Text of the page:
This is really not good. For example, with this it returns 0:

char *needle = "This";
char *haystack = "This is a dinosaurtest.";

With this, it also returns zero:

char *needle = "non-existent";
char *haystack = "This is a dinosaurtest.";

You can't tell the difference between success and failure in this two examples. Actually, atoi() has the same problem. I don't know what operating system you use but maybe you could use ssize_t as the return type if it's available and return -1 in case of failure.

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3
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Adding on to the previous answer by @Arkadiusz Drabczyk:

A simple, trivial implementation of contains could be done like this:

ssize_t contains(const char * needle, const char *haystack)
{
    char *needle_in_haystack;
    if(!needle || !haystack) return -1;
    needle_in_haystack = strstr(haystack, needle);
    return needle_in_haystack ? needle_in_haystack - haystack : -1;
}

Then, this program (with a few changes as mentioned above) should work:

#include <stdio.h>
#include <stdlib.h>
#include <string.h>
#include <sys/types.h>

ssize_t contains(const char * needle, const char *haystack)
{
    char *needle_in_haystack;
    if(!needle || !haystack) return -1;
    needle_in_haystack = strstr(haystack, needle);
    return needle_in_haystack ? needle_in_haystack - haystack : -1;
}

int main(void)
{
    char *needle = "test";
    char *haystack = "This is a dinosaurtest.";
    char *haystack2 = "This does not contain the string.";
    printf("Position: %zd\n", contains(needle, haystack));
    printf("Position: %zd\n", contains(needle, haystack2));

    return EXIT_SUCCESS;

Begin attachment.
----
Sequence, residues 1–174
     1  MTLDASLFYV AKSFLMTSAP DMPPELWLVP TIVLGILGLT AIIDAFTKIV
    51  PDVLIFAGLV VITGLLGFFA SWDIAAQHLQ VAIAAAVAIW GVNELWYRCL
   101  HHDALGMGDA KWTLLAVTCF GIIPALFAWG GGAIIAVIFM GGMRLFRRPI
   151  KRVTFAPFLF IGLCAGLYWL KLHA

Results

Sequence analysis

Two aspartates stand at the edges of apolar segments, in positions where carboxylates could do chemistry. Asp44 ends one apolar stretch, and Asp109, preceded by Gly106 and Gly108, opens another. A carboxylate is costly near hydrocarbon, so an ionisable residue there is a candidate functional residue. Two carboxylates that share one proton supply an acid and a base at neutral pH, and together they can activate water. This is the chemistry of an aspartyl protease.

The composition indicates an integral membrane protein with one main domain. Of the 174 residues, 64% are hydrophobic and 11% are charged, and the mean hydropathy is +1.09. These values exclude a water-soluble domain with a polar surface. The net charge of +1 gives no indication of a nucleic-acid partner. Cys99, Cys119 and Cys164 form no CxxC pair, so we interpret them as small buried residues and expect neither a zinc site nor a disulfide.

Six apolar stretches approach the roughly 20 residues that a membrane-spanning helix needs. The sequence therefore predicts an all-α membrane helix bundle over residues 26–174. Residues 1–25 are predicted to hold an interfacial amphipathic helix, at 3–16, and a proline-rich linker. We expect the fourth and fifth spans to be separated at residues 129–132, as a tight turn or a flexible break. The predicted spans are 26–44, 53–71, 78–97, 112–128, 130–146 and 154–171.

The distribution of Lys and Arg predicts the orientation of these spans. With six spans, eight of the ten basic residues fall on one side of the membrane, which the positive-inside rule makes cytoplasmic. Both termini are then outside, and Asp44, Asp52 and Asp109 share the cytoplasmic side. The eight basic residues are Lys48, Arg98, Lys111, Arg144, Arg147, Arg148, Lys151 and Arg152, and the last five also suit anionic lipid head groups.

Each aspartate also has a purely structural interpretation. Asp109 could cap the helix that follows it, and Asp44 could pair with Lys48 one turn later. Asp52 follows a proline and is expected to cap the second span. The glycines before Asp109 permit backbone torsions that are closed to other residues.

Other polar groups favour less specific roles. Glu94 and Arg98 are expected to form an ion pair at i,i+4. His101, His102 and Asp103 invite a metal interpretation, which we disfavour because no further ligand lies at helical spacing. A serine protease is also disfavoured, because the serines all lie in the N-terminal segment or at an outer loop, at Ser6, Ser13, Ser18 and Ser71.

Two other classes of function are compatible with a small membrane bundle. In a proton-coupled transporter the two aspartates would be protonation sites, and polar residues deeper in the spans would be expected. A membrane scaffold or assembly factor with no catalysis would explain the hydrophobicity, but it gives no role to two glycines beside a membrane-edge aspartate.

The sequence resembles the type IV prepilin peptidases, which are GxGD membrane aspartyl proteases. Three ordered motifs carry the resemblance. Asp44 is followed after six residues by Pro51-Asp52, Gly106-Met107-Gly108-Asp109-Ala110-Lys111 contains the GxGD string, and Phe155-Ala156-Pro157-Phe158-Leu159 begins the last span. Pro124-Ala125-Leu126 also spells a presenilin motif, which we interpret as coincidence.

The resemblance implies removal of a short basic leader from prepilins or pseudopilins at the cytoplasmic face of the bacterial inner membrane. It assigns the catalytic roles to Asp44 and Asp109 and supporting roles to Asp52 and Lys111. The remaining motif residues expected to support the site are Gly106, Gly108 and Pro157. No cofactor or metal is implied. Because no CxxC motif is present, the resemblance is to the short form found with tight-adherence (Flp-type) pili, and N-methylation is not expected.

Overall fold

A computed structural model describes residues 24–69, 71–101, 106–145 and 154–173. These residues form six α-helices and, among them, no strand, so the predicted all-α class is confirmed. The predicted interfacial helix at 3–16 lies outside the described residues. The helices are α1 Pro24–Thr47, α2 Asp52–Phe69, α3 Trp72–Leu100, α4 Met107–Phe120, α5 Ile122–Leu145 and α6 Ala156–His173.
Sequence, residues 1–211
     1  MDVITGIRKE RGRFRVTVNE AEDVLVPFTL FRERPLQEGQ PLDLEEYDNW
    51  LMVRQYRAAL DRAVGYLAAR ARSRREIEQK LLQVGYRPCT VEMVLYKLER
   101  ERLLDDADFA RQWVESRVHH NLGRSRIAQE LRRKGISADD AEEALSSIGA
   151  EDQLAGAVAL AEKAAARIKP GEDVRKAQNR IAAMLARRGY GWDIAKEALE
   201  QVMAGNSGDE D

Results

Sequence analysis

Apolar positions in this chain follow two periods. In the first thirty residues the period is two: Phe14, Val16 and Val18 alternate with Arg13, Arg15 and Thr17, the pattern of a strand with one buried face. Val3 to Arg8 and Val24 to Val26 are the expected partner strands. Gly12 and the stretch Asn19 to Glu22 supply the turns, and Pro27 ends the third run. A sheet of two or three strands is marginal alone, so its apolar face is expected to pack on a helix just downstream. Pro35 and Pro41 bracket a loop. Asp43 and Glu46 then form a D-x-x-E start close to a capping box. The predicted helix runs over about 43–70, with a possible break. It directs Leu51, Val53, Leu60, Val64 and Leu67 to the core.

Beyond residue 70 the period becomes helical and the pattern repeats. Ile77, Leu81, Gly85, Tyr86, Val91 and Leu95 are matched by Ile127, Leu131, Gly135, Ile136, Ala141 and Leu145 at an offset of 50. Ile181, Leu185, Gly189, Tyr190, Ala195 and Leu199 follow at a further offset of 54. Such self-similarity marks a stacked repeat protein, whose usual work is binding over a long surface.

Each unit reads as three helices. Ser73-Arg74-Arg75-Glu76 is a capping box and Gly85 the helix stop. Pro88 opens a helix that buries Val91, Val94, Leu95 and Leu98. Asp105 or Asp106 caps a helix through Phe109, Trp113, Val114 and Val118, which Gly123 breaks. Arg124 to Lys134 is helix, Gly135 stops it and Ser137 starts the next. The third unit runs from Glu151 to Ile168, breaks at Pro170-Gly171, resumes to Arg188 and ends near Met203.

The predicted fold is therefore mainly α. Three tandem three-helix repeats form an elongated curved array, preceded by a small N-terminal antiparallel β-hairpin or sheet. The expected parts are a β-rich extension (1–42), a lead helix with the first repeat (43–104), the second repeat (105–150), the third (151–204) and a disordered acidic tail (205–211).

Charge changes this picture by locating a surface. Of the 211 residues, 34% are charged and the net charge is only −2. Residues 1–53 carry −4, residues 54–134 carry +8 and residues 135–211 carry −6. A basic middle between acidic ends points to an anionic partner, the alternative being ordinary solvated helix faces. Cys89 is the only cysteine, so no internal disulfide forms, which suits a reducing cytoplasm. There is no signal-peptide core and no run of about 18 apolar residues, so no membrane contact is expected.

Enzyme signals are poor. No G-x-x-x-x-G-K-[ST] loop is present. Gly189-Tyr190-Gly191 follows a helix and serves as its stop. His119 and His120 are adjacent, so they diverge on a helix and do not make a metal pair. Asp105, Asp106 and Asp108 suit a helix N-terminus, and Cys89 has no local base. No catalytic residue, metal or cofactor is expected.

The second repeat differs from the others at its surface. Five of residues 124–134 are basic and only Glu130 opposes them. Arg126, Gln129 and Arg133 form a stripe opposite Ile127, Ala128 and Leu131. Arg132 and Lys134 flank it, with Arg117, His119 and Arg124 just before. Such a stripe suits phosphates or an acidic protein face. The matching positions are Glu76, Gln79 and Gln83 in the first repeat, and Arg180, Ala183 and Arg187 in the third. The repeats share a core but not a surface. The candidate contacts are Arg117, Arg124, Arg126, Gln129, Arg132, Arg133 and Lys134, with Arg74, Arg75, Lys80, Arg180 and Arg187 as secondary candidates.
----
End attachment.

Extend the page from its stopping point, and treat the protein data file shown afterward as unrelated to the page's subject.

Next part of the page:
}

Output:

Position: 18
Position: -1

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  • \$\begingroup\$ I would remove the check that the input is not NULL, and just use a language extension for that (__attribute__((nonnull)) in GCC). NULL is something that you would never expect as input for this function, and it adds one or two unnecessary lines of code. I would prefer to write in the documentation of the function something like: "If the input to this function is a NULL pointer, the behaviour is undefined.". \$\endgroup\$ – Cacahuete Frito Aug 11 at 23:50
  • 1
    \$\begingroup\$ @CacahueteFrito The original code did it, and I want to strive for compatibility (who knows how the OP was using it?). \$\endgroup\$ – JL2210 Aug 11 at 23:51
  • \$\begingroup\$ Missing include for ssize_t: #include <sys/types.h>. Another option would be to use ptrdiff_t instead, from #include <stddef.h>; you are actually returning a pointer difference: ? needle_in_haystack - haystack : \$\endgroup\$ – Cacahuete Frito Aug 12 at 11:26
2
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Your code doesn't work. It returns 0 for haystack "abbc" and needle "bc", even though haystack contains needle.

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1
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You don't need the first loop and all the length calculations. Btw., the function doesn't succeed, if the first char is found, but only the second occourrence of the first char fits with needle.

The task can be reduced to a few lines:

int contains(char *buf, char *needle) {
    char *src, *srch, *srcp;
    for(src=buf; *src; src++) {
        for(srch = needle, srcp = src; *srch && *srcp && *srch == *srcp; srch++, srcp++);
        if(!*srch) return src - buf;
    }
    return -1;
}
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  • \$\begingroup\$ What is a good way to get better at writing more compact, efficient C code like this? This sorta reminds me of K&R C. \$\endgroup\$ – the_endian Aug 14 at 17:58